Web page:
Behind the Accent
“Madisonians have an almost mythical belief in their accentlessness.”
This is Intersections, a column by Kashana Cauley.Every other month, Cauley will explore the intersection of class and culture in her life.
Making a MurdererSaturday Night Live
Kashana Cauley is a native Wisconsinite who lives in Brooklyn. The Atlantic, Esquire, McSweeney’s Internet Tendency & Tin House have published her essays, fiction and humor. She won the 2012 Esquire/Aspen Writers’ Foundation Short Short Fiction Contest. She recently completed a novel.
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Privacy is for Everyone, Not Just the Rich
“We need to try and secure our personal information now.”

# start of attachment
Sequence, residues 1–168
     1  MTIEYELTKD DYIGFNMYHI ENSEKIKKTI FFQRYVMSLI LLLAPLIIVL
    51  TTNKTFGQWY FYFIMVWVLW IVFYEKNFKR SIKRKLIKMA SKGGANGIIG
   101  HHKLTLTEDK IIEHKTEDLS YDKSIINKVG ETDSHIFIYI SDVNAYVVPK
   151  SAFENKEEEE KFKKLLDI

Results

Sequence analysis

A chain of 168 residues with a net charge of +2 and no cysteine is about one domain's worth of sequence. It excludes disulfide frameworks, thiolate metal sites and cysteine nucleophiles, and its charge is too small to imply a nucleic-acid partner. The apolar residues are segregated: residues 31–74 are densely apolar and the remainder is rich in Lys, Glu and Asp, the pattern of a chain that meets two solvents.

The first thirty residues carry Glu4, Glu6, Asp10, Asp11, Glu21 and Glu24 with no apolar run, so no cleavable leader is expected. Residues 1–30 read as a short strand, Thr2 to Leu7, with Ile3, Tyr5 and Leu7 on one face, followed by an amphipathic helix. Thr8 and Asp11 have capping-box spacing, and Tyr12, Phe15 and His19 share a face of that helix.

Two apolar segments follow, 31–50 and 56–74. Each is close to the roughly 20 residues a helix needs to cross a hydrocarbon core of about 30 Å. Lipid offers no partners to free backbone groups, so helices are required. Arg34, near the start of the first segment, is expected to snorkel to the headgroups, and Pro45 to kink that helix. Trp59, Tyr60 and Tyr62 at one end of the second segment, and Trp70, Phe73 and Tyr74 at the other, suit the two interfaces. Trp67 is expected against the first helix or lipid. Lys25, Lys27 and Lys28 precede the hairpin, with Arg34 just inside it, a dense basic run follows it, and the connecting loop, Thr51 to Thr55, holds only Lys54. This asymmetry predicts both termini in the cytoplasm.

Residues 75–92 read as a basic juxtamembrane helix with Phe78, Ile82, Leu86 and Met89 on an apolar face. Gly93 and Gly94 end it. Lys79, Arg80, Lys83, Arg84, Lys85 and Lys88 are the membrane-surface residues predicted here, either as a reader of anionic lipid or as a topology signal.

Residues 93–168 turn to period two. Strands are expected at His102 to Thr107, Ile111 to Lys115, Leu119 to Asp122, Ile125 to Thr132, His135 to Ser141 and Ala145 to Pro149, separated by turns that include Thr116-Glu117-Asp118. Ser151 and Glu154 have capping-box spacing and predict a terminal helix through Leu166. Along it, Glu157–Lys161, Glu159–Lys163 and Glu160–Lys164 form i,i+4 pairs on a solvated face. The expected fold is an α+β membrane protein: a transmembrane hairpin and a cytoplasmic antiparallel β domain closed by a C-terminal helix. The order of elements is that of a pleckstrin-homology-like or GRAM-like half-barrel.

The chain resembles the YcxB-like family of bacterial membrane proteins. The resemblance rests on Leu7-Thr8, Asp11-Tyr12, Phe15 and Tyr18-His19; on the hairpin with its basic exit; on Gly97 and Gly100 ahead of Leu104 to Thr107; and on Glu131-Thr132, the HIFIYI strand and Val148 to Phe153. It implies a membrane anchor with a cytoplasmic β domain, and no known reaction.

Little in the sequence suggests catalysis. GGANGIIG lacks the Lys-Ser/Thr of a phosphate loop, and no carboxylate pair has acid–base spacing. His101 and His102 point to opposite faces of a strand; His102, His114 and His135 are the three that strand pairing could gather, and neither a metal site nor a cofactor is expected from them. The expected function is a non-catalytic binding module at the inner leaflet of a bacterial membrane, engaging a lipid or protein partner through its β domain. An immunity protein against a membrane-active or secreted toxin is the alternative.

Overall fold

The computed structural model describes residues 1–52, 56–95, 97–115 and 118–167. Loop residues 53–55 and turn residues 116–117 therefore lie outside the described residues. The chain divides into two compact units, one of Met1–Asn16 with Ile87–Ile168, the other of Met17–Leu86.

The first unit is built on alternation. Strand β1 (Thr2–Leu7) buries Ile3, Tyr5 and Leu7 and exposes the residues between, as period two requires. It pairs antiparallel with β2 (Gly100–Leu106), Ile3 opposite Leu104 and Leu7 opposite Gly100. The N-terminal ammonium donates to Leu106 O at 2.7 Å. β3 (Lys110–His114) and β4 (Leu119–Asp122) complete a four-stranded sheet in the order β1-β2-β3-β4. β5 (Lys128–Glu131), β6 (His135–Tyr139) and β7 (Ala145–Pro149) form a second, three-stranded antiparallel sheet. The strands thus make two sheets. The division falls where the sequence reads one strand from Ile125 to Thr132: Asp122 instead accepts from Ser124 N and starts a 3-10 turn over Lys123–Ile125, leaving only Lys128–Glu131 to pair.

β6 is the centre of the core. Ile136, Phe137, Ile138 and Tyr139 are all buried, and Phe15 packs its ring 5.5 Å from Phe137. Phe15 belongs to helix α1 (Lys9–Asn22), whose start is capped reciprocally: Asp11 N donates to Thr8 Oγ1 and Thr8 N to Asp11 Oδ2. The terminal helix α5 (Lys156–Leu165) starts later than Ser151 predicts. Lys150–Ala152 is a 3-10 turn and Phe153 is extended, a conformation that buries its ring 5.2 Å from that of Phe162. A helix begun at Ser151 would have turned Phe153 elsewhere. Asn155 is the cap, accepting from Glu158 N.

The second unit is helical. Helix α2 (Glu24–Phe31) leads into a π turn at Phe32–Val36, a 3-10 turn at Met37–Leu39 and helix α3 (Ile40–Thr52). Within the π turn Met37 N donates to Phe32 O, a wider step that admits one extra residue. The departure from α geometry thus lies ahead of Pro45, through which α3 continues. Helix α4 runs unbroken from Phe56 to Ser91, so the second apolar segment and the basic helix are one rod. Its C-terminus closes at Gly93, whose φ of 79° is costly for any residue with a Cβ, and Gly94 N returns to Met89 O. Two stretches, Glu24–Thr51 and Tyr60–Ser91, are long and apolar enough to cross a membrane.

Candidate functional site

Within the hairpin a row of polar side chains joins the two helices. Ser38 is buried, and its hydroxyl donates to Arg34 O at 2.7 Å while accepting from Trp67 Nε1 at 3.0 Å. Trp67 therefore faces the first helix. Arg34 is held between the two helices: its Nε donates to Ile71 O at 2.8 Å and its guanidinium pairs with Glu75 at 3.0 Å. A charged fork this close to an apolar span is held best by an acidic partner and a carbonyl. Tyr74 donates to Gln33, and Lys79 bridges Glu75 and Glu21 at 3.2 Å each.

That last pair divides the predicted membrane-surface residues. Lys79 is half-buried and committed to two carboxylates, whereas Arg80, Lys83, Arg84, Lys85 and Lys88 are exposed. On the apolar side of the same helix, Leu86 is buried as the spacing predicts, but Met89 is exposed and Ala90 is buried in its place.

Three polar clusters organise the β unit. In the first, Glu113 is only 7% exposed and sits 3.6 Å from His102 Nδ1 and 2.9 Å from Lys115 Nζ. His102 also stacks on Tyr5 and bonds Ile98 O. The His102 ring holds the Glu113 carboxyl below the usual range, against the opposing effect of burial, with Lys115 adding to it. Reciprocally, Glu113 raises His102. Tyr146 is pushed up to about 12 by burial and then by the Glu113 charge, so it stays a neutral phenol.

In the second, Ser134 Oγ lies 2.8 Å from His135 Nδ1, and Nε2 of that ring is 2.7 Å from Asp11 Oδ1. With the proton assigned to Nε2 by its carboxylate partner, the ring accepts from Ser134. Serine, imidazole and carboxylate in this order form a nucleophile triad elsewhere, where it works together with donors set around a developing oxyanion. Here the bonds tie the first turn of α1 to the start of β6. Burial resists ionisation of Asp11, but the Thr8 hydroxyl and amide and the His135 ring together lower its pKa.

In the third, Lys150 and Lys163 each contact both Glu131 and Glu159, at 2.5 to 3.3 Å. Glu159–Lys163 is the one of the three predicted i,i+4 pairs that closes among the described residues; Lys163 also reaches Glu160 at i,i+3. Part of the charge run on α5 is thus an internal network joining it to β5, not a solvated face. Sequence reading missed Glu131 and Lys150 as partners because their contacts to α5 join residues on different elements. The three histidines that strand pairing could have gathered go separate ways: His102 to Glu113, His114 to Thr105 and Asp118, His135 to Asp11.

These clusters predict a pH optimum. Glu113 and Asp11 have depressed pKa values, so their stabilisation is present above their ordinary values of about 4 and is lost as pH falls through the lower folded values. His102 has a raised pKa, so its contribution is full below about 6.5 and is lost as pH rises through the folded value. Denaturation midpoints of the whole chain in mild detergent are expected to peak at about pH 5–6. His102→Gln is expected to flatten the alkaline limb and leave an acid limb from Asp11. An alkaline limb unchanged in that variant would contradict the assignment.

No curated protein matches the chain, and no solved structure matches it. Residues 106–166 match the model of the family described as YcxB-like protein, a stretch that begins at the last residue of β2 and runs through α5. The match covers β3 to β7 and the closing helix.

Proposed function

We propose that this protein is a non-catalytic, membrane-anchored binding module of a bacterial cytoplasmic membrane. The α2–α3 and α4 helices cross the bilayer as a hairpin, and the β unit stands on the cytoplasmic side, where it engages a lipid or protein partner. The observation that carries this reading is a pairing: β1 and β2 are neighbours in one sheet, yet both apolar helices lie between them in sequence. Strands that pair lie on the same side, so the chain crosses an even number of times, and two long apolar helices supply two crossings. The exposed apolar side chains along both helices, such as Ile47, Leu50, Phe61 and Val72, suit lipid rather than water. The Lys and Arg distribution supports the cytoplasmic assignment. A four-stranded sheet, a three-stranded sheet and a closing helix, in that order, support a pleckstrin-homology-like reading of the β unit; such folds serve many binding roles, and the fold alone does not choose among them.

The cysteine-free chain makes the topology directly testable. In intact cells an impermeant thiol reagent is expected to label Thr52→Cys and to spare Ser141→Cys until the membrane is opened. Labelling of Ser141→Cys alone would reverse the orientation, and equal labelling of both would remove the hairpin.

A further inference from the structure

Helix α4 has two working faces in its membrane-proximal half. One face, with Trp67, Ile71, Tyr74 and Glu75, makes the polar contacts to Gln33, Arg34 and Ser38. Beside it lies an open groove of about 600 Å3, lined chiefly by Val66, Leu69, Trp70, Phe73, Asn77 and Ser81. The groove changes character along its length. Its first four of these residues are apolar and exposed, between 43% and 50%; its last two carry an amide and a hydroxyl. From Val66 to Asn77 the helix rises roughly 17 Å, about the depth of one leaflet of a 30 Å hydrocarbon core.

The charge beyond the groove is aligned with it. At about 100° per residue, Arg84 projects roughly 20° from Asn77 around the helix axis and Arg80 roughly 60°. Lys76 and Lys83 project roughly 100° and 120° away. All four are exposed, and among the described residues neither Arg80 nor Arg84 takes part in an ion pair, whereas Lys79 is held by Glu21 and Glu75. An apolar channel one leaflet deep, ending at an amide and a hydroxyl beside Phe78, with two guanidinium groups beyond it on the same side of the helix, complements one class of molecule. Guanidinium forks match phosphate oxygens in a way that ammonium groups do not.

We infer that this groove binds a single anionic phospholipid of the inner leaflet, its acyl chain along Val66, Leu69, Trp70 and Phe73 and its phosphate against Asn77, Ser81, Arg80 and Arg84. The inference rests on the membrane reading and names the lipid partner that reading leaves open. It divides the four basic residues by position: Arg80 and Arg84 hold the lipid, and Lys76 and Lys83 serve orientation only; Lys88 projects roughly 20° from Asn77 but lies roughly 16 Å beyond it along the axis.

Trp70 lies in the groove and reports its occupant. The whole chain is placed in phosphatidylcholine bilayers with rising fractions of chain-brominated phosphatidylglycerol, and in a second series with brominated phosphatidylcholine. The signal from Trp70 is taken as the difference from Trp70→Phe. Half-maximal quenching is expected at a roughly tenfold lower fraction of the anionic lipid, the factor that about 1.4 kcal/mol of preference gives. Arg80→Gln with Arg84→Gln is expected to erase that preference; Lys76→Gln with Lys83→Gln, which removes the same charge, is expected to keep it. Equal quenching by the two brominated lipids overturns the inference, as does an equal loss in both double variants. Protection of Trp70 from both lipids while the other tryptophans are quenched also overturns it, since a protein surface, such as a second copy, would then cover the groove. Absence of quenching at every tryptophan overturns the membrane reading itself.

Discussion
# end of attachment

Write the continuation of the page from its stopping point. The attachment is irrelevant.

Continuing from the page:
Milwaukee’s Black Middle Class
“I was going to blend in, and maybe live there forever.”
The Forgotten History of Banana Republic
“Why do the stores still have that insulting name?”
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A Million Tiny Resurrections: On Microaggressions and Survival
“I’ll always be viewed as a hyper-political symbol before I get to be a human.”
I’m a Disabled Woman Who Wants to See More Literary Characters Like Me
Searching the cultural landscape for references and role models, it’s not easy to find many women simply living their lives while disabled.
How a Haircut Helped Me Untangle My Identity as a Queer Indian Woman
They defined beauty. They defined womanhood. And they felt so, so far away from the woman I felt myself becoming.